One of the joys of carving real pumpkins is the wait. I don’t have any pictures of this year’s crop yet, because it’s much too early to carve them. Jack-o-lanterns don’t last long in a Texas autumn. Within days, their pointy teeth will curl in, revealing wrinkly gums, and their eye sockets will turn black and fuzzy. Lift the lid and you’re sure to get one last eerie surprise, as spider-webby mold stretches from the rotting bowl within. I taped skeletons to my windows and hung ghosts over my graveyard at the end of September with no worries except that the neighbors might give me funny looks. But jack-o-lanterns… they have to wait.
If you think you’ve outgrown the ritual of pumpkin-carving, read “The Things a Picture Holds” by Annie Neugebauer, and see if it doesn’t make you want to run to the store for a pumpkin and a sharp knife, and maybe some s’mores fixings too.
Skip this one if you must. Or buy plastic gourds and glow sticks if you really want to. But at my house, there will always be at least one real pumpkin with a lit candle and that unmistakable aroma of a Halloween tradition.
10. Be weird.
Austin, Texas, is known for keeping things weird. I appreciate that and help out whenever I can. No matter where you live, when you decorate for Halloween this year, be creative, be scary, be thorough, but also be a little bit weird. Include a random skull-on-a-stick in your cemetery or cage something that doesn’t look like it needs to be caged or put your yard art in costumes. It scares people in whole different way.
Whatever you do this Halloween, have fun, be safe, and don’t forget to check behind you once in a while. After all, the best decorated yards are the ones that make it easiest for the real creatures to hide.
Two years ago, I posted some tips for getting the most scare out of your Halloween decorations. Last weekend, while I spent six hours spookifying my yard for this year’s crop of trick-or-treaters, I came up with a few more. But before I share them, I wanted to repost the original piece (only slightly revised) for those of you who didn’t get a chance to read it the first time around. Here are my first five tips, along with a little background on what Halloween means to me.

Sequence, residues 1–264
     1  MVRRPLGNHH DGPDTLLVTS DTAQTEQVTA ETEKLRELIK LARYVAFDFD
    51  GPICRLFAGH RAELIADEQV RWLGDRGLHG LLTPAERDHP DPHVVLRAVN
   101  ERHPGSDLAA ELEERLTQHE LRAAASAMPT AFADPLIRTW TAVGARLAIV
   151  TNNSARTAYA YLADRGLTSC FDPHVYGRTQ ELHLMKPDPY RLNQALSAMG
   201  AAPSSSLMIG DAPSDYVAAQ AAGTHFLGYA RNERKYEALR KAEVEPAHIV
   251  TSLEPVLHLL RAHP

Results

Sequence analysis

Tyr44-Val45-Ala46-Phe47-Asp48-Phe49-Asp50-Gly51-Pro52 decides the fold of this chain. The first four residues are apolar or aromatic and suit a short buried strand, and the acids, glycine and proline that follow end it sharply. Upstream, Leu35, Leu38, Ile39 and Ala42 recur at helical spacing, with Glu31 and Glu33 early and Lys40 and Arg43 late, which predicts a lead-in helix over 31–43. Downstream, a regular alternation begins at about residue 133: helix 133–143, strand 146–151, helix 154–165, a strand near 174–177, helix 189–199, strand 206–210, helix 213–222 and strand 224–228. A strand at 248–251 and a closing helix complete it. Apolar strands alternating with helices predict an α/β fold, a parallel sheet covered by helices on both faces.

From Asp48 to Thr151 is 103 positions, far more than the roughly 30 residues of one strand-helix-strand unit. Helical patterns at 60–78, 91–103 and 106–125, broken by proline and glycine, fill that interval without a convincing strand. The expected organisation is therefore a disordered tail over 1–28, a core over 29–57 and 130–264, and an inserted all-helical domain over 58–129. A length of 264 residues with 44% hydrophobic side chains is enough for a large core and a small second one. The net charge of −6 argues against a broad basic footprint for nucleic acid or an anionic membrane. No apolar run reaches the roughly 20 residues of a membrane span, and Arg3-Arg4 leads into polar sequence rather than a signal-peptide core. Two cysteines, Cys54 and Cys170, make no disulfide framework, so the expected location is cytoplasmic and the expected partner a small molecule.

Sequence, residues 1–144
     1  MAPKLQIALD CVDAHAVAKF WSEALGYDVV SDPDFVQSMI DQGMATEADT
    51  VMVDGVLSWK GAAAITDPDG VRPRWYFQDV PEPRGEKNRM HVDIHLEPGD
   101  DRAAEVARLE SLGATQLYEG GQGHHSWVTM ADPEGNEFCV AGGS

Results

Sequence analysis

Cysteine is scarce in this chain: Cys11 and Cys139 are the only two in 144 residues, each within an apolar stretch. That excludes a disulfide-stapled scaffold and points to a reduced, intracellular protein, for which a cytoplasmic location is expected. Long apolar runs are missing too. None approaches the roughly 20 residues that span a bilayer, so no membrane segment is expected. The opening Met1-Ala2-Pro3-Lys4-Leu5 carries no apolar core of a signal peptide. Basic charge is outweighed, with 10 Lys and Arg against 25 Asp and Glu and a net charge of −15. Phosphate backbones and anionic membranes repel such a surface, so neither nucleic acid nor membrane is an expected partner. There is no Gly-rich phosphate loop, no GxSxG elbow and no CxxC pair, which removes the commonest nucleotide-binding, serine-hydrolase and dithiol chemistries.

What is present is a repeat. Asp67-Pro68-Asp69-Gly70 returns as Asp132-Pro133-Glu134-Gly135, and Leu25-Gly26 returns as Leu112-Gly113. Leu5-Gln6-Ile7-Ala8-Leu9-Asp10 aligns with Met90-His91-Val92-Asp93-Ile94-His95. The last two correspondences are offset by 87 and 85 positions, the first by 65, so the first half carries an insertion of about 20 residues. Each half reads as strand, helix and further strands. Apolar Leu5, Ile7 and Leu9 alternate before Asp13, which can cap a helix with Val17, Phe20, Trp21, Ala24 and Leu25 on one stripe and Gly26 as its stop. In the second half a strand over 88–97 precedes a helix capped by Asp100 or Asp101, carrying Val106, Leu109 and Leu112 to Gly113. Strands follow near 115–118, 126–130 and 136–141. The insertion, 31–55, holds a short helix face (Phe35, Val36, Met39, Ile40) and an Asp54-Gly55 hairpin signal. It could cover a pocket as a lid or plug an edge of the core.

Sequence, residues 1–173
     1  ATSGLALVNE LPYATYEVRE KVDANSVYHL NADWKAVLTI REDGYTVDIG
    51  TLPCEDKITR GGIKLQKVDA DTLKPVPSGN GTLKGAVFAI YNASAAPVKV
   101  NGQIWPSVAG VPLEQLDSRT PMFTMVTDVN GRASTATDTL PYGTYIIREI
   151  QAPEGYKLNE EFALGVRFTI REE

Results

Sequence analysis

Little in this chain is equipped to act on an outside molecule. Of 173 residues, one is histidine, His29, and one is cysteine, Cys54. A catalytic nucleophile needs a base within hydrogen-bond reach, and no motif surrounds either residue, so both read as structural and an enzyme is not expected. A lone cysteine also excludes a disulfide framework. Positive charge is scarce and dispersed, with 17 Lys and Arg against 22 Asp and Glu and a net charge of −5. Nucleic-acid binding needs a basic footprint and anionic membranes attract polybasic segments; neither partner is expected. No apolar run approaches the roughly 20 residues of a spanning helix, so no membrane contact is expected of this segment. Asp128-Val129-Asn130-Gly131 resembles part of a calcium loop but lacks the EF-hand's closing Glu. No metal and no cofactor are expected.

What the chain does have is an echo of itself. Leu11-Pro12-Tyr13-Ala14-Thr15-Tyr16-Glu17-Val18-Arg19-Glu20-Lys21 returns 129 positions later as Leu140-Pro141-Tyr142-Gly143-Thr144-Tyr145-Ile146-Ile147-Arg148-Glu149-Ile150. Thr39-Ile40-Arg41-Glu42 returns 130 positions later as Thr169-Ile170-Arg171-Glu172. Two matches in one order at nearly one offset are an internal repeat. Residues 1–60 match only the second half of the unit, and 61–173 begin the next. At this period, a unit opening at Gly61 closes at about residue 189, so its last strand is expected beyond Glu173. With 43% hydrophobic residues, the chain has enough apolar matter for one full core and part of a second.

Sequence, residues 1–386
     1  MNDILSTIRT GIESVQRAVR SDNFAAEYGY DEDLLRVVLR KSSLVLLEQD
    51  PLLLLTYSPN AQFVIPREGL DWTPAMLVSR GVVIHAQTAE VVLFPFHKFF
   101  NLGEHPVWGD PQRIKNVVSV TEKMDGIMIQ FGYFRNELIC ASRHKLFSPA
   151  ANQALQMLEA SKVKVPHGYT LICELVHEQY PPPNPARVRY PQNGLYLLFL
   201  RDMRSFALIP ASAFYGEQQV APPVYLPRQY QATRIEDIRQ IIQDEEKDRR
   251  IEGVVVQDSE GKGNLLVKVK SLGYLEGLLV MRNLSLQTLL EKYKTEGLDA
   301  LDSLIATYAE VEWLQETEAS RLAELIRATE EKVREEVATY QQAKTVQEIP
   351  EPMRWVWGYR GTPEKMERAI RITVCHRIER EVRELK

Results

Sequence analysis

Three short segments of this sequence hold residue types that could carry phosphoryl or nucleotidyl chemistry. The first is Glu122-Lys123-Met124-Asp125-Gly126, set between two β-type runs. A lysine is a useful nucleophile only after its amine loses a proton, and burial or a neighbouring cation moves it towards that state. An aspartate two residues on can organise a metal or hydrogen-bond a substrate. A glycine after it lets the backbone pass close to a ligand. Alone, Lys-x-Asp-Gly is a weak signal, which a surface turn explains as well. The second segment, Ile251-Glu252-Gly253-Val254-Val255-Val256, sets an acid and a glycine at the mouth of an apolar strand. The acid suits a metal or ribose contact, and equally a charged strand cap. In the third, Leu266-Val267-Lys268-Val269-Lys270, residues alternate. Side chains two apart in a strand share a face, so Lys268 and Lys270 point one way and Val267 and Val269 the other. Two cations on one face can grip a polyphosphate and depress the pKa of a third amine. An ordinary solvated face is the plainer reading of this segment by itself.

When I was a kid, that meant excitement was in the air. It meant it was time to decorate the front porch with pumpkins and the back room with antique cardboard cut-outs of skeletons and black cats, goblins and werewolves. We’d tape them to the windows and, from the inside, they displayed a glossy array of spooky merriment, colorful scenes and detailed faces. But from outside, the windows cast eerie silhouettes, faceless, vague. Indistinct features creating a distinct uneasiness.
October also meant it was time to start heading out to the back lot at dusk to stare at the old ghost shed and watch for things. Because October was the time of year when things happened out there, when the ghost of Old Bill Edwards used to stir. Old Bill Edwards used to live in the shack on the back of our property, way before my time, and he was quiet most of the year, but during October he got a little ornery.
I guess he was restless. Maybe his spirit was troubled. Or maybe once a year, he just liked to stretch his old bones and move around a little bit. Whatever the reason, it was always in the weeks before Halloween when we would see things out there—dark shapes in the back lot, gray smoke rising from the trees. Once I even saw a fire ball shoot out of the chimney of the ghost shed, Old Bill Edwards’ former home, a chimney that was no longer connected to any stove or fire place. We heard things too—moans and creaks. Being kids, we were terrified, but we were also excited. We wanted to see more! So we tiptoed as close to the shed as we dared and threw rocks at it, trying to get Old Bill Edwards to come out.
One time, a rock flew back at US.
Many of my friends believed me about the ghost and it became a great slumber party game. Sneak out to the back lot in the dark, dare each other to throw a rock, see who was brave enough to get the closest. Other parents probably thought my family was pretty weird, but I didn’t know that at the time. Taunting the ghost may have been a once-in-a-lifetime experience for those other little girls, but it was just another Friday night at the Kinder house.
Some kids didn’t believe. They noticed the fact that my dad always seemed to be absent when the sightings took place, running an errand maybe or at least back at the house. He was never with us when we saw anything. They said it was him, and he was just trying to scare us. But I knew better. My dad would NEVER throw a rock at me, I told them, not that close to my face. He scolded US when we did that! And the fire ball? That wooden shed was so old and filled with so much paper and cardboard, if it ever caught fire there’d be no stopping it. My dad would never risk something so dangerous. I shook my head and knew I was right.